By defeating Chevron, conservative policymakers and corporate lobbyists scored their most significant legal victory in an aggressive, decades-long campaign to curtail the reach of the federal government. Earlier in the week, the court’s conservatives also issued rulings that weakened federal climate regulations and made it harder for agencies including the Securities and Exchange Commission to bring enforcement actions, drawing further celebration from the industries facing such scrutiny.

“I think what this means is a level playing field for anyone who is sued by a federal agency, or who sues a federal agency,” said Mark Chenoweth, the president of the New Civil Liberties Alliance, which represented one of the plaintiffs in the Supreme Court case that overturned Chevron. The group has received millions of dollars from the conservative political network of billionaire Charles Koch and his late brother, David, and it represents clients in other lawsuits that seek to quash federal regulations.

Chenoweth said the loss of Chevron, in particular, means that “folks will be able to count on having an unbiased, independent court assess whether their arguments, or their interpretation of the law, is better than the agency’s interpretation of the law.”

While the exact legal implications may take years to untangle, conservative advocates and industry lobbyists — some tied to the Supreme Court fight — signaled they were eager to leverage it or bring fresh lawsuits.

The National Association of Manufacturers, a lobbying group whose board of directors includes top executives from Dow, Caterpillar, ExxonMobil and Johnson & Johnson, specifically called attention to what it described as regulatory overreach at the SEC and the Environmental Protection Agency. The group’s president, Jay Timmons, said in a statement that NAM would soon be “on the field … to fight back new regulations we are facing today as well as whatever may come our way in the next administration.”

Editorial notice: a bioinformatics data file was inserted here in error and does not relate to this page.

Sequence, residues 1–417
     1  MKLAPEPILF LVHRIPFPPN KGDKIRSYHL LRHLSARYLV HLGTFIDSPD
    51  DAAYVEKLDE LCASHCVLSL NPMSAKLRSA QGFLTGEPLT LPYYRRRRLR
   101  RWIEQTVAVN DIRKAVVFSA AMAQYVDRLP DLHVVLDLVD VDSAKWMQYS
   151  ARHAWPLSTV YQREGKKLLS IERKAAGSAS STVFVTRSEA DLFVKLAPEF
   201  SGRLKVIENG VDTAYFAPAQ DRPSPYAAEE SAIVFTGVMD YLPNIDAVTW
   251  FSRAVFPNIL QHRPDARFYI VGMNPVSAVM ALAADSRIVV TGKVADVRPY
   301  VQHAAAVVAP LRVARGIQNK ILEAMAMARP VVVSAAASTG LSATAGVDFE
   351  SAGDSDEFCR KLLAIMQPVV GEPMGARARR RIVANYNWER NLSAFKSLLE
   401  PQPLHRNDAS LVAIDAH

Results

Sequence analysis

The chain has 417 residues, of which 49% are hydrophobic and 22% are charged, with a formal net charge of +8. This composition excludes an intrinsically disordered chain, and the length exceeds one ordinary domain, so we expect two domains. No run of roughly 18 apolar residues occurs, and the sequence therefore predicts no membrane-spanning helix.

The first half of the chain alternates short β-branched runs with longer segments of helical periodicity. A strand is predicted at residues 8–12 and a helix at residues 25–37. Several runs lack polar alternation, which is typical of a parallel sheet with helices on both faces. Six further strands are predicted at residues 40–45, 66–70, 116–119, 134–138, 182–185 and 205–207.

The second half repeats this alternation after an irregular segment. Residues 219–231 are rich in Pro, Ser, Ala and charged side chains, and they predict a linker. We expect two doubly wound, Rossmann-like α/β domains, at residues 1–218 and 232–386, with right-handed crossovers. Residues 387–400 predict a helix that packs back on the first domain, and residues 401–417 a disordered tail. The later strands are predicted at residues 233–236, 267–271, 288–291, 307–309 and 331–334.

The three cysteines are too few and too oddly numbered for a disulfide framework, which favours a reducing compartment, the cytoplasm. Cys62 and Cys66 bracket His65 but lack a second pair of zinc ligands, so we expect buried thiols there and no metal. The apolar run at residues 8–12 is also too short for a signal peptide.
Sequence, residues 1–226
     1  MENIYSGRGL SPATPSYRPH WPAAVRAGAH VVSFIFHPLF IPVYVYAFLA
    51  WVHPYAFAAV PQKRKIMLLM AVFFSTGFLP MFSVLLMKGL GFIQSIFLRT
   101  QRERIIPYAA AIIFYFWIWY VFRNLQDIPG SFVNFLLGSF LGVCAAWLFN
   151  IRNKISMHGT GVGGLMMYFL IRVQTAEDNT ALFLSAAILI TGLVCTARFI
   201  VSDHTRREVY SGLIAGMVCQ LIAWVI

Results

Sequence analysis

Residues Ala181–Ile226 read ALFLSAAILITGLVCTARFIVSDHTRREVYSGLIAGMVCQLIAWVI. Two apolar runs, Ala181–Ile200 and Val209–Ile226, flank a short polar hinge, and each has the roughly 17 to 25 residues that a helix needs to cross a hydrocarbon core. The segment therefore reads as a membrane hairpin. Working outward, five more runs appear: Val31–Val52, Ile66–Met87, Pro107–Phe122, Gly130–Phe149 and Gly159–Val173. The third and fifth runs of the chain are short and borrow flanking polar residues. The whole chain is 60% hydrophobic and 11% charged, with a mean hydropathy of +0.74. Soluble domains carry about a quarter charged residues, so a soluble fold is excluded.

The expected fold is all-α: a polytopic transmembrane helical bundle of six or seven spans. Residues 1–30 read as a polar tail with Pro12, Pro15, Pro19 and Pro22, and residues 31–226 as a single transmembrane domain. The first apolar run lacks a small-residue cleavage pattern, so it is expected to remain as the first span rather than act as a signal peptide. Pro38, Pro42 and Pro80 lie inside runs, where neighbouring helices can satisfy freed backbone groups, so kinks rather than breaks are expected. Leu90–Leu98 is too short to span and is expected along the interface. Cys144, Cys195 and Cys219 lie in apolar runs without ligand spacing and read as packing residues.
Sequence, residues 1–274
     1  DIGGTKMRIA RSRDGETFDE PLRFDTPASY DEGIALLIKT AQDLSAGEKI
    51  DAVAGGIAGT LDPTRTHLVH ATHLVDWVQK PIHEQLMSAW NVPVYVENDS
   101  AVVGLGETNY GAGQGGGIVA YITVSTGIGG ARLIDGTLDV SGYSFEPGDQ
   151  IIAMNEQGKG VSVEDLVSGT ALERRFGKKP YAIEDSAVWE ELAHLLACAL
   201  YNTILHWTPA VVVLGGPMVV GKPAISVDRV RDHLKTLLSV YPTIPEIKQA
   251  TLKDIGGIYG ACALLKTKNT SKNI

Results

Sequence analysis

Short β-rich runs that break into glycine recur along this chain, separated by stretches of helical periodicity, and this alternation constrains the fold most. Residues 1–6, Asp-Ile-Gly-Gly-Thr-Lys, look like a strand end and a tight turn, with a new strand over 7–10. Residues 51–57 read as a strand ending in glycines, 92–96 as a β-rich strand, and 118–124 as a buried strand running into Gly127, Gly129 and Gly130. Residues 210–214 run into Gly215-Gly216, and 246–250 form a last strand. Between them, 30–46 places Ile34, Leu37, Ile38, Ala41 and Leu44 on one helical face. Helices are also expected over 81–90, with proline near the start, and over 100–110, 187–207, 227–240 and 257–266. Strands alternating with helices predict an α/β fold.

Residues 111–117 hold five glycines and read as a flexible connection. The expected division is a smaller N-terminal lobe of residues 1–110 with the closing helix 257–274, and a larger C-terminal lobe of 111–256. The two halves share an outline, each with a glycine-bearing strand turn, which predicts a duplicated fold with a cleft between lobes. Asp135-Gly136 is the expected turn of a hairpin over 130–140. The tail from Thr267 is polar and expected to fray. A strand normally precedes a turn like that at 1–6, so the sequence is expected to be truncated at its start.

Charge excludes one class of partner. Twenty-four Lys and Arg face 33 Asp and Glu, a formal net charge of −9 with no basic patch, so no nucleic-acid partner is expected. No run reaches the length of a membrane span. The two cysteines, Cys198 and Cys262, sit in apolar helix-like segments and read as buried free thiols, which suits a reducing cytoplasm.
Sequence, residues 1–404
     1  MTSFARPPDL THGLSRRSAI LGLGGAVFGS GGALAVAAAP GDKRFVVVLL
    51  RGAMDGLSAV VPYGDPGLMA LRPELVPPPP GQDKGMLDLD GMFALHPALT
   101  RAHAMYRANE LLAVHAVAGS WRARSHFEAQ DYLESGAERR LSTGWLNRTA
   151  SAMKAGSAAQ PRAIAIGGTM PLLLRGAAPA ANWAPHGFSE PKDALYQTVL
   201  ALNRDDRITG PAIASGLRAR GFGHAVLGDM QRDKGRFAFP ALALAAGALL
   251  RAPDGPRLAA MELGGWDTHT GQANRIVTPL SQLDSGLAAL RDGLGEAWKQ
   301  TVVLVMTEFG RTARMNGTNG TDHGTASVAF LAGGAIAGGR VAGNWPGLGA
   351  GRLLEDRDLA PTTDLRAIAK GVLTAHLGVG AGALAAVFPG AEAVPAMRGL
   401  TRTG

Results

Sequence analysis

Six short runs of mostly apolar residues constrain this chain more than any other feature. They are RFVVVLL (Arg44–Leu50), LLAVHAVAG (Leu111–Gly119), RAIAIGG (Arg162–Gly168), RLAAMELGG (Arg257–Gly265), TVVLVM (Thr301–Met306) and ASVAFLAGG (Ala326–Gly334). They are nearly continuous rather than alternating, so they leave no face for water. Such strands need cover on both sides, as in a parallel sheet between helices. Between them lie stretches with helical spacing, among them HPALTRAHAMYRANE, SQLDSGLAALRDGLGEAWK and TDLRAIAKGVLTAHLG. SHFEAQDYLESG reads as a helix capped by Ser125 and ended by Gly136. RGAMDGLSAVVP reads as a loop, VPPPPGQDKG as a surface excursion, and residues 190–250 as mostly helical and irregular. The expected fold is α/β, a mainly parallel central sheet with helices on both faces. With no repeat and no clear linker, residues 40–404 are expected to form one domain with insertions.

The American Bankers Association, meanwhile, said it would “continue to fight to ensure that bank regulators follow the law every time they exercise their powers.” The group, whose members include Bank of America, JPMorgan Chase and Wells Fargo, has sued the Biden administration in recent months over rules meant to limit the fees they can charge customers who are late on their credit card payments. (It did not respond to a request for comment.)

And the National Association of Home Builders, which represents thousands of builders and suppliers in the housing industry, said it might benefit from the justices’ decision in a fight with the federal government over new environmental regulations. NAHB has joined with other housing groups to sue the EPA over rules targeting pollution in small waterways, arguing its approach oversteps the agency’s authority and makes it harder to construct new housing.

Tom Ward, the vice president for legal advocacy for the association, said he expected NAHB to “send this opinion” to a judge hearing the water-related case in Texas to “remind the court now there is no deference to the agency.”

The legal wrangling ultimately served to underscore a harsh reality in Washington: Federal agencies increasingly have taken a more active role in crafting policy because of partisan gridlock in Congress. Political divisions often have prevented lawmakers from fully attending to the nation’s most intractable problems, creating a void that the sprawling regulatory bureaucracy has tried to fill, sometimes in ways that draw sharp opposition.